Keys Display Highlights Teen Drivers' Risks
Allstate Corp.'s live display featuring nearly 5,000 key chains represents how many teens die each year in teen-related car crashes.
Allstate Corp. joined a group of teenagers, Montgomery County (Md.) Police Capt. Tom Didone, and members of Congress on Tuesday to unveil the insurance company's live display featuring nearly 5,000 key chains that represent how many teens die each year in teen-related car crashes. "With schools letting out for the summer, this is an important time to remind both teenagers and parents that the time between Memorial Day and Labor Day is the deadliest timeframe of the year for teenagers behind the wheel," said Dean Pappas, Allstate assistant vice president for federal affairs. "We hope today's event reminds parents and teens to have safe driving discussions on topics, such as wearing seat belts and not texting or talking on cell phones while driving."
A recent Allstate Foundation survey of young drivers with the National Organizations for Youth Safety found 83 percent of teenagers admit they talk on a cell phone while driving, and 68 percent admitted to texting while driving. "Teen drivers need to know it doesn't matter what you did yesterday, it matters what you do today and tomorrow," said Didone. "As my family learned, nobody is immune and one mistake can have tragic results." Didone has worked for the Montgomery County Police Department since 1986. His 15-year-old son, Ryan, was killed when a car in which he was riding veered off a road and struck a tree. "According to reports, Ryan was not wearing his seat belt. Captain Didone spends his time today educating teenagers about the importance of staying safe on the road," according to Allstate's news release.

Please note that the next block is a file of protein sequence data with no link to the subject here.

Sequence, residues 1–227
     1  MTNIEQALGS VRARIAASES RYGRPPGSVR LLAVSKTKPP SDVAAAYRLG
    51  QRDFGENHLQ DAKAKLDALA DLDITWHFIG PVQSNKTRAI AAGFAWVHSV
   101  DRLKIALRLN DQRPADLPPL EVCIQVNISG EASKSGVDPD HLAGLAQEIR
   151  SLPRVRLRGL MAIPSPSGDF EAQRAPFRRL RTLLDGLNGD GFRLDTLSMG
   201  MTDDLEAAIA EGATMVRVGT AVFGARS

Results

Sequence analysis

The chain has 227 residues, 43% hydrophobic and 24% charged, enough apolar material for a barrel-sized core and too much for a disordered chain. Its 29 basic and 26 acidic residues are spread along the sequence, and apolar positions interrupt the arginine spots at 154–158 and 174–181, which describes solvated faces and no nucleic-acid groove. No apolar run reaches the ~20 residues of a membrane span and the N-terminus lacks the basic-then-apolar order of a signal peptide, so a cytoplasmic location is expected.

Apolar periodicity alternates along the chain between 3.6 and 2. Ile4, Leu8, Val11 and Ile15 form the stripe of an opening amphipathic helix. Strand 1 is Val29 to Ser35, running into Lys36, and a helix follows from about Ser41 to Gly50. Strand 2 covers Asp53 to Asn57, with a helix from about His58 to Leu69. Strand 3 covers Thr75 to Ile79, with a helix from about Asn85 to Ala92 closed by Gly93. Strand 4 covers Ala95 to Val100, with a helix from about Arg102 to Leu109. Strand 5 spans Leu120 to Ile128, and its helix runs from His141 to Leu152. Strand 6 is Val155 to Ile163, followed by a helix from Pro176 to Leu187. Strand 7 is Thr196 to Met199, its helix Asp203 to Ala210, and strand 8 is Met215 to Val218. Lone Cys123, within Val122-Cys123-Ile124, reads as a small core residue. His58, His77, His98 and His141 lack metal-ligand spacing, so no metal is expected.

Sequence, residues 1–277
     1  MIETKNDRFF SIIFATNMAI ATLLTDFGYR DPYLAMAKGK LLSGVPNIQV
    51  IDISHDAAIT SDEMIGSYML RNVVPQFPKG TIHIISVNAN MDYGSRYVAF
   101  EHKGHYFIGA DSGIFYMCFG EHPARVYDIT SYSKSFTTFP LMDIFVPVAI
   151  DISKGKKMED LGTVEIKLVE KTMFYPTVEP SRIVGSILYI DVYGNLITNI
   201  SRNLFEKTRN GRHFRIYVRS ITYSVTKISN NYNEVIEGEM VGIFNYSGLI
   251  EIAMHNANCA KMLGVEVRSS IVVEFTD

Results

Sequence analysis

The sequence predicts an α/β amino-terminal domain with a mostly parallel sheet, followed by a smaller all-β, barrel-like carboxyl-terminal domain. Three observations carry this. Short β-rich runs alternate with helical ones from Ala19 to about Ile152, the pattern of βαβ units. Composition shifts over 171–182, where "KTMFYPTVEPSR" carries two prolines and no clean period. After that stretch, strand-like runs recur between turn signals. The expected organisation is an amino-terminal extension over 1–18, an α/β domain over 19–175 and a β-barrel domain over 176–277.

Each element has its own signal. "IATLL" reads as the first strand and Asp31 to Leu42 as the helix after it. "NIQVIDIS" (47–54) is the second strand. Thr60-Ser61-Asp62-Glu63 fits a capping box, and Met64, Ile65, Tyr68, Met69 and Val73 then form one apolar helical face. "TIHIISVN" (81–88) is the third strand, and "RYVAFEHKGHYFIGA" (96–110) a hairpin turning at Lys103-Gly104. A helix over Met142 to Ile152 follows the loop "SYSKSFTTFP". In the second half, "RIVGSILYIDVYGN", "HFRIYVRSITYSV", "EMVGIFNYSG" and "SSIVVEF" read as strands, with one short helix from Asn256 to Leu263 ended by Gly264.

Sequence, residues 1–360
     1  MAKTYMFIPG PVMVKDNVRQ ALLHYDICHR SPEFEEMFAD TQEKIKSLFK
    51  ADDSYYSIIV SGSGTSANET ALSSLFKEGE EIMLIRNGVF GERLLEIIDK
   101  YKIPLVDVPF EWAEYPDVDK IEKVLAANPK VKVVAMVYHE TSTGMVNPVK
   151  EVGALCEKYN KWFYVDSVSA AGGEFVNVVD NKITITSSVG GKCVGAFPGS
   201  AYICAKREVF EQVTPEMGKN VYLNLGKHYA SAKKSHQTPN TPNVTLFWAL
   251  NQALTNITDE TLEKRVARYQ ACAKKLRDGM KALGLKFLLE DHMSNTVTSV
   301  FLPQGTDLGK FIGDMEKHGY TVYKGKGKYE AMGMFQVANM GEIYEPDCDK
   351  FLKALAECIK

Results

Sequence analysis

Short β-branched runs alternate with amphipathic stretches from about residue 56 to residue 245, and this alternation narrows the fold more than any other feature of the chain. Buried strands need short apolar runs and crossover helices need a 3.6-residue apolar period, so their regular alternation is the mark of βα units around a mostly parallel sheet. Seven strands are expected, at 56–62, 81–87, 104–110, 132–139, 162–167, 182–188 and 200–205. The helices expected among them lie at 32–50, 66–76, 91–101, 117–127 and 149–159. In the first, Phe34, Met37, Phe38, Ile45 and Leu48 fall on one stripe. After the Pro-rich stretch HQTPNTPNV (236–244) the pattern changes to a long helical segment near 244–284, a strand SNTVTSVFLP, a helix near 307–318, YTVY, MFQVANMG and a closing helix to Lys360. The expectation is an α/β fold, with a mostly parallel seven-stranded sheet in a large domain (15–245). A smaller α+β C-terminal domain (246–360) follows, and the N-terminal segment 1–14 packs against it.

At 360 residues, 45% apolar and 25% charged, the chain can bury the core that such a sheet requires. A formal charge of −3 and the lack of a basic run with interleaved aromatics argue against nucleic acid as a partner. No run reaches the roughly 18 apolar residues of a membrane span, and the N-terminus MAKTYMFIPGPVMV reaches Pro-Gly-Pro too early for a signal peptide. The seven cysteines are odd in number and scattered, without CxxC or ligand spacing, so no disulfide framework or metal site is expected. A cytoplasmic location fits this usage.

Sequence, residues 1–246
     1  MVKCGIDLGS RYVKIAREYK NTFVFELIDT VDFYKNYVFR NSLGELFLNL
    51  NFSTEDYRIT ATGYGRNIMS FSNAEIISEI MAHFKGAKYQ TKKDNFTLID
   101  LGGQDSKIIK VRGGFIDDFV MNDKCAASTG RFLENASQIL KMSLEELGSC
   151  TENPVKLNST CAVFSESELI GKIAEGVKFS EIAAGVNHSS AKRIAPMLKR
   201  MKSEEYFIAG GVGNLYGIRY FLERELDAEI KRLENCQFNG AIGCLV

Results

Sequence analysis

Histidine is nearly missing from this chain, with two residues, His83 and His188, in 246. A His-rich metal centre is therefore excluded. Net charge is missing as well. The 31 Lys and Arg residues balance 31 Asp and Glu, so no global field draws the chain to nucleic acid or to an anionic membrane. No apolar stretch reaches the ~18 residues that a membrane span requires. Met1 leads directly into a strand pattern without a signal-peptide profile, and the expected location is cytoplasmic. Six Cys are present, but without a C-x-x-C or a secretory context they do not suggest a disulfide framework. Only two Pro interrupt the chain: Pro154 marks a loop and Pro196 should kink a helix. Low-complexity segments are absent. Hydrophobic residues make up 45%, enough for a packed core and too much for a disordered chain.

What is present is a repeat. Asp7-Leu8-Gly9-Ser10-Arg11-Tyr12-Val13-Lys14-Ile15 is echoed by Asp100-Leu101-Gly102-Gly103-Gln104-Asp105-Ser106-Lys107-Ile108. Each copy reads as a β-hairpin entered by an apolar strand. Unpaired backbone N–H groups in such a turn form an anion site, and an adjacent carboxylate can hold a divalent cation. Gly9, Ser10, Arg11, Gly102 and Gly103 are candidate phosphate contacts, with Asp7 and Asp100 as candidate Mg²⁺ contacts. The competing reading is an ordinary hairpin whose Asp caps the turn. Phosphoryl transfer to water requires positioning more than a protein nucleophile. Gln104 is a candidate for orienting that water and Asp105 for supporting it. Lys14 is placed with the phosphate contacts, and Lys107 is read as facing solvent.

The keys display also calls attention to The Safe Teen and Novice Driver Uniform Protection Act (H.R. 1895), which would set federal graduated driver licensing standards. The bill is sponsored by U.S. Reps. Timothy Bishop, D-N.Y., Michael Castle, R-Del., and Chris Van Hollen, D-Md., and backed by Sen. Chris Dodd, D-Conn., in the U.S. Senate. "Allstate supports the STANDUP Act because we are committed to reducing teen fatalities on our nation's roads," Pappas said. "Recent findings about dangerous teen driving only underscore the need for Congress and communities across the United States to address this public health risk." Visit www.allstate.com/teen for information about protecting teen drivers, including an interactive parent-teen driving contract, or visit www.saferoads4teens.org for additional information.